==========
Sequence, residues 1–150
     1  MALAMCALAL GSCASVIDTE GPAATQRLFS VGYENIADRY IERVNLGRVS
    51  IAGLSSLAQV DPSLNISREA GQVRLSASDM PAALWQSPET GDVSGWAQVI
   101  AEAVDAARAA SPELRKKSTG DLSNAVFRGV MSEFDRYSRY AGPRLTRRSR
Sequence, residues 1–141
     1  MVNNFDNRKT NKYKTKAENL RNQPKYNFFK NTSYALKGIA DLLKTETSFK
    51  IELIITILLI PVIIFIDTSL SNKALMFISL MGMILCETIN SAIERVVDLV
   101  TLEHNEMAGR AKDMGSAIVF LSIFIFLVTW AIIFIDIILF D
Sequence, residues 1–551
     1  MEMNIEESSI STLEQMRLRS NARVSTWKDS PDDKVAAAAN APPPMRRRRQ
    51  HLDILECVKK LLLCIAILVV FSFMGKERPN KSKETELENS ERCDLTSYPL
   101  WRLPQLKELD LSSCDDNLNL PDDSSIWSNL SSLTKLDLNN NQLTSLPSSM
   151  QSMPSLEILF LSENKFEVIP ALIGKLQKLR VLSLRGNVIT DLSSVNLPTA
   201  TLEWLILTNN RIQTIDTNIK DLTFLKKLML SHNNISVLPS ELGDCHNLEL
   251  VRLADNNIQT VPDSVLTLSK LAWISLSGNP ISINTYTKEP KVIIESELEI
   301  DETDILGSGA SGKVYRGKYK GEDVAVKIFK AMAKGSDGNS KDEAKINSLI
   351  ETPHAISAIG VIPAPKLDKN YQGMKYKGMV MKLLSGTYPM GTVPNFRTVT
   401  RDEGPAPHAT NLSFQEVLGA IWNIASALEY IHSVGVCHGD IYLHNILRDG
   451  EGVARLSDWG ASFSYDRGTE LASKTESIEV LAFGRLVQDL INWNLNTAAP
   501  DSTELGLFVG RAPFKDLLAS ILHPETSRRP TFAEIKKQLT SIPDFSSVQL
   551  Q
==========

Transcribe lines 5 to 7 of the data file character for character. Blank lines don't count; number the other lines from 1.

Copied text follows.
Sequence, residues 1–141
     1  MVNNFDNRKT NKYKTKAENL RNQPKYNFFK NTSYALKGIA DLLKTETSFK
    51  IELIITILLI PVIIFIDTSL SNKALMFISL MGMILCETIN SAIERVVDLV